RanksTable No 6.|
Factors to accept the POS machine.| Mean Rank|
Installation Cost| 3.87|
Training on usage | 4.80|
Transaction time | 4.59|
Connectivity/network | 4.39|
Technical problems| 4.65|
Transaction charges | 2.09|
Delay in access to funds | 3.61|

Test Statistics aTable No 6.2|
N| 195|
Chi-square| 336.100|
df| 6|
Asymp. Sig.| .000|
a. Friedman Test|
Interpretation
Here Friedman test P value is 0.000<0.05. So here we Reject H0, Accept H1, there is significant difference among the factors to accept the POS machine. So, doctors and owner of medical store believed in differently for different factors to accept POS machine.

Rank on different criteria as below
Table No 6.3
Criteria| Rank|
Transaction charges | 1|
Delay in access to funds | 2|
Installation Cost| 3|
Connectivity/network | 4|
Transaction time | 5|
Technical problems| 6|
Training on usage | 7|

6.4 KMO and Bartlett’s Test

Table No 6.4

KMO and Bartlett’s Test|
Kaiser-Meyer-Olkin Measure of Sampling Adequacy.| .581|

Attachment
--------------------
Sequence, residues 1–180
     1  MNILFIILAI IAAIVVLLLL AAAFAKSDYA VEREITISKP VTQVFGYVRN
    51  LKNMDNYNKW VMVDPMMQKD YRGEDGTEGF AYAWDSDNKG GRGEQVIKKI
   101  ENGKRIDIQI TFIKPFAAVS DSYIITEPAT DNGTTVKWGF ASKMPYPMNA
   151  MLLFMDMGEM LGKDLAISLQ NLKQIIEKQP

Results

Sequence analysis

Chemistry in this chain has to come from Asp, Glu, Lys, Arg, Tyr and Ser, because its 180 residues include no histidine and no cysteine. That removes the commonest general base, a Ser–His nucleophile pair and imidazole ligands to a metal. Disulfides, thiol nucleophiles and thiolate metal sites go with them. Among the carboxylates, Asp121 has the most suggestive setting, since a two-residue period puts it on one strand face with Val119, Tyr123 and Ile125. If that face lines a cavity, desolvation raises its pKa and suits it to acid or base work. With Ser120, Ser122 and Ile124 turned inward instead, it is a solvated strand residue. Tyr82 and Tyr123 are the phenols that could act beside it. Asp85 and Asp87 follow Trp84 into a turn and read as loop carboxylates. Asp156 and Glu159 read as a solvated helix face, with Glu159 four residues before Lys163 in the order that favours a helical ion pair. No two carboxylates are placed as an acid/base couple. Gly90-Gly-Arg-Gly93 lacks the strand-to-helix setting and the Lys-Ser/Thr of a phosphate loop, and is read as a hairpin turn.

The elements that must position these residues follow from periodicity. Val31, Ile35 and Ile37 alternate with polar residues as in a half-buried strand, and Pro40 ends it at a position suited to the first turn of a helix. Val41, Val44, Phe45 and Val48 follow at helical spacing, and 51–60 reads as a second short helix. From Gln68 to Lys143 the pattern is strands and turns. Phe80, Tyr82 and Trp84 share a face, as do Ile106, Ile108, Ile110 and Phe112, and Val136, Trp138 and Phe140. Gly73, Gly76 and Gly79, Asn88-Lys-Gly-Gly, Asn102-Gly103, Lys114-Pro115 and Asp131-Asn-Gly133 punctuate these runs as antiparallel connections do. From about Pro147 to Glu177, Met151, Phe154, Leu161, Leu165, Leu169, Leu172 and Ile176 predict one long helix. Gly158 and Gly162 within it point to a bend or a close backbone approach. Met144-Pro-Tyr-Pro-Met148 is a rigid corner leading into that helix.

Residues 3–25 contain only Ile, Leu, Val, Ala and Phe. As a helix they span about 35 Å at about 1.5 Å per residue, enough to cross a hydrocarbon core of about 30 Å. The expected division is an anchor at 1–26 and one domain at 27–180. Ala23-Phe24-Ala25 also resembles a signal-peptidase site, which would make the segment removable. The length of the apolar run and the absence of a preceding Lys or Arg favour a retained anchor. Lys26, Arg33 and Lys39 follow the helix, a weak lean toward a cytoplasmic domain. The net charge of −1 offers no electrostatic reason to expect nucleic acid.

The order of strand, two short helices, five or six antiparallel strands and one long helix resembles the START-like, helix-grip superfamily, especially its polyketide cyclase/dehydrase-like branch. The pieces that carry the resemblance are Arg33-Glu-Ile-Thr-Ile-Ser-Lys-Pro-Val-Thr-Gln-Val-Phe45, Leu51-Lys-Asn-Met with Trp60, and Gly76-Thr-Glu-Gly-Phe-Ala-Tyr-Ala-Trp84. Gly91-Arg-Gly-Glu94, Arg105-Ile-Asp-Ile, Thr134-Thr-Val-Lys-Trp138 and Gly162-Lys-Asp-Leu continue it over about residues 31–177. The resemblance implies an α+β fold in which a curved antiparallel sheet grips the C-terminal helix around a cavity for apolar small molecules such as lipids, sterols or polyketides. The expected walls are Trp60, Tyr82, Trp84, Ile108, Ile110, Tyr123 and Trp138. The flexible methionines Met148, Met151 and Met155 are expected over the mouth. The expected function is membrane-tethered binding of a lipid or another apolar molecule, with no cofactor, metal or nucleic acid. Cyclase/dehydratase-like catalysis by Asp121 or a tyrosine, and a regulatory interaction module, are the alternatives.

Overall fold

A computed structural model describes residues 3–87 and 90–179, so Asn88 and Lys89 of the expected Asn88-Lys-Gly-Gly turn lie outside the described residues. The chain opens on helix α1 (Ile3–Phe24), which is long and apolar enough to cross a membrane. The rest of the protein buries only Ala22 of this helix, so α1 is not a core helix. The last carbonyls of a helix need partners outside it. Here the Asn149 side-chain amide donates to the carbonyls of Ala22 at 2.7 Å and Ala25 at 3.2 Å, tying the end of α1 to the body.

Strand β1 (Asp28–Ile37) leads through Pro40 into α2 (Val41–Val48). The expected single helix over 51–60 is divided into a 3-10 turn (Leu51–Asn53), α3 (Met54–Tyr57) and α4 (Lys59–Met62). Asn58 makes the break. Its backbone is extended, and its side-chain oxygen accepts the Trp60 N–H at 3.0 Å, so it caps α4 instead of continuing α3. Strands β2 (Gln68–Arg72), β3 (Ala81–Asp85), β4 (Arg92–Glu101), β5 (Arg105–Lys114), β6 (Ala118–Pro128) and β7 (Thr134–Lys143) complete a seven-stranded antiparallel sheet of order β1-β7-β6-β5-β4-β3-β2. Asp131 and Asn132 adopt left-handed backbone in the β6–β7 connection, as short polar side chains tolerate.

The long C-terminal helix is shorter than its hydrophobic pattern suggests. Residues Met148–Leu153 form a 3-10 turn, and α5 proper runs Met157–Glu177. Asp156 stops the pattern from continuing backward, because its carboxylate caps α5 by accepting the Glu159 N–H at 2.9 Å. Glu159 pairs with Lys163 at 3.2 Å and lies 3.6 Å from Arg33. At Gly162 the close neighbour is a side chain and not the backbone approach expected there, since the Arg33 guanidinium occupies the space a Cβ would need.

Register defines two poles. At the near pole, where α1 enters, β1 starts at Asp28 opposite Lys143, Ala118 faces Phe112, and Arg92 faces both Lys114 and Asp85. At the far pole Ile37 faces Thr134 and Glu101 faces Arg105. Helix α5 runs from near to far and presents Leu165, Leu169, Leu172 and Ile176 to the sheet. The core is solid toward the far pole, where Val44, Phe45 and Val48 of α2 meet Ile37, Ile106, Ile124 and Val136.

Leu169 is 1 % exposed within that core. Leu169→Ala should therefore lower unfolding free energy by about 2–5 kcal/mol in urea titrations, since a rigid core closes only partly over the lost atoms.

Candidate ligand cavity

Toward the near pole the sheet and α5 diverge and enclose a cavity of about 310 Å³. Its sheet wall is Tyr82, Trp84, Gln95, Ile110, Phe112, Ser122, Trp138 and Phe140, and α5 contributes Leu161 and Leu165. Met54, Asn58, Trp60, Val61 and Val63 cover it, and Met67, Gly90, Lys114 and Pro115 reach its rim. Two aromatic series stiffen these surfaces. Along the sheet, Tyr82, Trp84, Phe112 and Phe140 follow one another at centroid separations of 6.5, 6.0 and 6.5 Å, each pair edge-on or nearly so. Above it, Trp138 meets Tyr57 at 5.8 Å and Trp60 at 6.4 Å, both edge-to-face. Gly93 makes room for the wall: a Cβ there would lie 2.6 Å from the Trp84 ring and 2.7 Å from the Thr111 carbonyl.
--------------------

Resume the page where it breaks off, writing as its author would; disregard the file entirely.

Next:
Bartlett’s Test of Sphericity| Approx. Chi-Square| 198.519| | df| 21|
| Sig.| .000|

Table No. 6.4 show, the KMO measure of sampling adequacy for the various attributes categories measured 0.581, which indicates the scale is appropriates and help in extracting the factor. The ideal measure for this test (KMO>0.40) and here in this case KMO is 0.581 indicates the variable are measuring a common factor.

Table No. 6.4 show the Bartlett’s test for Sphericity for judging the appropriateness of a factor model. The existence of the identity matrix puts the correctness of the factor analysis under suspicion. Table shows that chi-square static is 198.51 with 21 degree of freedom. This value is significant at 0.01 levels.

FINDINGS